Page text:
The Sorcerer and His Apprentices: Ferran and His Stagieres in NYC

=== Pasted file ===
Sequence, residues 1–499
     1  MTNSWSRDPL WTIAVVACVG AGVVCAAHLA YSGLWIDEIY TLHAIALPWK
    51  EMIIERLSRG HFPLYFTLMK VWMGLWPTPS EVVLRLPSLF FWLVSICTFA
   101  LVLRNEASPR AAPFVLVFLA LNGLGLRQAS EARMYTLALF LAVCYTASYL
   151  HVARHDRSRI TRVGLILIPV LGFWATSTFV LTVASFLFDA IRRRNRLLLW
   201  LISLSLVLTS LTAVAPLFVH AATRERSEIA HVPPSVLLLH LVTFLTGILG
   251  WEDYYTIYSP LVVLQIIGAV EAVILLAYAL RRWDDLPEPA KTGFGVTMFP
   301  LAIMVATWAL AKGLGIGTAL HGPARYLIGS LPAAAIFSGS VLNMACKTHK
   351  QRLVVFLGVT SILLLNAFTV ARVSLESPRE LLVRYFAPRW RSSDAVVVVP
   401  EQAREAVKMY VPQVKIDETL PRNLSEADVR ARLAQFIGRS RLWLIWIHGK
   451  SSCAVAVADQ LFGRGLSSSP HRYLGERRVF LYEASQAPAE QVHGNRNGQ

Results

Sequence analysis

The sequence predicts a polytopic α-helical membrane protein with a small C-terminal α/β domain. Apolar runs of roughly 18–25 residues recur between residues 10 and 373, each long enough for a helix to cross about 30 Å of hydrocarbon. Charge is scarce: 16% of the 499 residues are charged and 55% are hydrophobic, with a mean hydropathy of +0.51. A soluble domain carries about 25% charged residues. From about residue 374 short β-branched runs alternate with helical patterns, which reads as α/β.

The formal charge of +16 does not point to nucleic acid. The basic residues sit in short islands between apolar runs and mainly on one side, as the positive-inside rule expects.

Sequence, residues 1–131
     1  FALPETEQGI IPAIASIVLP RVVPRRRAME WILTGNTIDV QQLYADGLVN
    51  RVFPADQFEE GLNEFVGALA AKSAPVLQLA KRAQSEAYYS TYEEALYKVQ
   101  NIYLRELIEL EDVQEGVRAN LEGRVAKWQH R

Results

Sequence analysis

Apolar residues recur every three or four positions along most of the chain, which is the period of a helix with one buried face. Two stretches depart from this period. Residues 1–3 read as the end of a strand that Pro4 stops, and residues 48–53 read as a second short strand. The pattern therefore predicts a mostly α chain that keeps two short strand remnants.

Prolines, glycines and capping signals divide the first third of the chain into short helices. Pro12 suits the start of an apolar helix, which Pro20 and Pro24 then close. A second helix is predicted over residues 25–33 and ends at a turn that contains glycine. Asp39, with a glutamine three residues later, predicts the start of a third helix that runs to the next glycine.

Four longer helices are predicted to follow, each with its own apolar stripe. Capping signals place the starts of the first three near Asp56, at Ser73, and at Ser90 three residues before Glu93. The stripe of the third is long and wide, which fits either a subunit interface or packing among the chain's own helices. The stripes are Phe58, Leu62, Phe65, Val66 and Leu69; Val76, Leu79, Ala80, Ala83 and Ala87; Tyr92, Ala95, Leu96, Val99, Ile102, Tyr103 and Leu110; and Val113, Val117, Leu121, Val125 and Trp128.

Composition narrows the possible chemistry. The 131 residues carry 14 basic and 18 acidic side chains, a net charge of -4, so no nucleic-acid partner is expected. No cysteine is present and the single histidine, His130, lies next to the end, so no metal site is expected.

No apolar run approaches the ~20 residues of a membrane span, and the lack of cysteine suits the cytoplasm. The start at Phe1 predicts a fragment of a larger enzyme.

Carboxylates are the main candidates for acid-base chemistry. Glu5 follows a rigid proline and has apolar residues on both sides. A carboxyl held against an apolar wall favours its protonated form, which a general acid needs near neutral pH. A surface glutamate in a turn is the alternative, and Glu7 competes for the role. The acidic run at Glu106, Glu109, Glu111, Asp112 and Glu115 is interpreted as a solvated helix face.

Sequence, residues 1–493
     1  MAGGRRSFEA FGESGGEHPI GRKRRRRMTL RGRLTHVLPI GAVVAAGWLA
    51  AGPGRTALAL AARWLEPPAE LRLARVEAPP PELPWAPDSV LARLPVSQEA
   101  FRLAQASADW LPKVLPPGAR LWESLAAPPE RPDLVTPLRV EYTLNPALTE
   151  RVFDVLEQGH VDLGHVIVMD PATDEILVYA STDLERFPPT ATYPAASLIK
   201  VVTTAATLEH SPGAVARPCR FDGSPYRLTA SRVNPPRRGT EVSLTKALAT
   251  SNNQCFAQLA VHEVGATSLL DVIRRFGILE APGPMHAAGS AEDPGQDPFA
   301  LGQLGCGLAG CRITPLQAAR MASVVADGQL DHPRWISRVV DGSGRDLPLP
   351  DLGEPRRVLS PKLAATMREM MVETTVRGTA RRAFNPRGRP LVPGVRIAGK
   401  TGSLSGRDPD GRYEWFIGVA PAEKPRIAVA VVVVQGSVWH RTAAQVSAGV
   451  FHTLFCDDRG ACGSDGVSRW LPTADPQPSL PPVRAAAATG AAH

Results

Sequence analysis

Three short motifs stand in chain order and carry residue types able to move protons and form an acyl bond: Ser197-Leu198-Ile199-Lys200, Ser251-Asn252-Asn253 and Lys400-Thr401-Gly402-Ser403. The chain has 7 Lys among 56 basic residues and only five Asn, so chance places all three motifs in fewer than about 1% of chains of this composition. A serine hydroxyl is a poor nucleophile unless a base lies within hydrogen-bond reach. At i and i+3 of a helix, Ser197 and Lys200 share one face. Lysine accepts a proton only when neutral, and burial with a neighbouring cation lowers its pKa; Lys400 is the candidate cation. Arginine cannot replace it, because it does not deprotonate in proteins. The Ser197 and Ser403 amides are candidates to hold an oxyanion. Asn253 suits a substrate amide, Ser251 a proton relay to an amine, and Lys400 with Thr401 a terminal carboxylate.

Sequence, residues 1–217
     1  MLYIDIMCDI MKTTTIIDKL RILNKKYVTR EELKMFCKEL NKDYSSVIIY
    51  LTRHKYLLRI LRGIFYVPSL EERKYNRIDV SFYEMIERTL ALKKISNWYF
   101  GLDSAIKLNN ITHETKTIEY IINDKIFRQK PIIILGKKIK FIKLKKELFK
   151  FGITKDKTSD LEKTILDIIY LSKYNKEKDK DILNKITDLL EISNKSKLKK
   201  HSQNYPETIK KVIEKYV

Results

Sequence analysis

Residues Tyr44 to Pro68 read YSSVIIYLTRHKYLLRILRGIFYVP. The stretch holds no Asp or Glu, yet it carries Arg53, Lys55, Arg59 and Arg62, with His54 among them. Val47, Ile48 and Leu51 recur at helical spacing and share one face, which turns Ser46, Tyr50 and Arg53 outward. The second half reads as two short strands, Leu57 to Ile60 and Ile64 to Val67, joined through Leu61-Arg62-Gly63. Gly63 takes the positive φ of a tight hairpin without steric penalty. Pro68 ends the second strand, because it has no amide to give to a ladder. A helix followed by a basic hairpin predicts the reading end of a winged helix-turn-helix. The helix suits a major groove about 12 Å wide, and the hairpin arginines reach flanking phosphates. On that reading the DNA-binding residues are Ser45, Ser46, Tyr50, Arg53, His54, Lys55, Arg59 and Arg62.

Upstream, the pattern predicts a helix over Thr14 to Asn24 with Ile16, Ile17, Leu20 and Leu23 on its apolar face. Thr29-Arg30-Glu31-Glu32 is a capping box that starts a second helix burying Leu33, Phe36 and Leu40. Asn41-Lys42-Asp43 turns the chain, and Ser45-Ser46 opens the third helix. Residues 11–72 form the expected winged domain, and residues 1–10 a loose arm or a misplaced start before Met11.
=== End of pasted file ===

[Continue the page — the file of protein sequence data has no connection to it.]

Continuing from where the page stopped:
Though the book, The Sorcerer’s Apprentices: A Season in the Kitchen at Ferran Adrià’s elBulli has just been published, it is already slated to be the basis for a Hollywood movie and why not? Lisa Abend’s story focuses on the largely unsung, but truly remarkable backbone of what has become the most remarkable and most famous restaurant the world has ever known, elBulli. Many are familiar with the near impossibility of securing a reservation at this Spanish institution and just about anyone who has an interest in food has heard about Ferran Adria and his brother, Albert, and rightly so. The fame of elBulli partner, Juli Soler and fellow front of the house master, Luis Garcia, is also widely known as are the names of many of the permanent kitchen staff of elBulli such as Oriol Castro and Eduard Xatruch, but far fewer are familiar with the behind the scenes stories of the people who drop everything to come to elBulli each season for the opportunity to soak up its culture, learn what they can and prepare the incredible dishes that spring forth from the kitchen without earning  even a Euro. It is these people along with the permanent staff that have enabled elBulli to function and grow as it has. It is these people who have enabled the extraordinary creativity of the Adria brothers and their team to flourish and capture the world’s imagination. Now Lisa Abend has told their story and no, I’m not surprised that Hollywood has taken notice, a point that Ferran announced to the world yesterday at a reception at the King Juan Carlos 1 of Spain Center at New York University.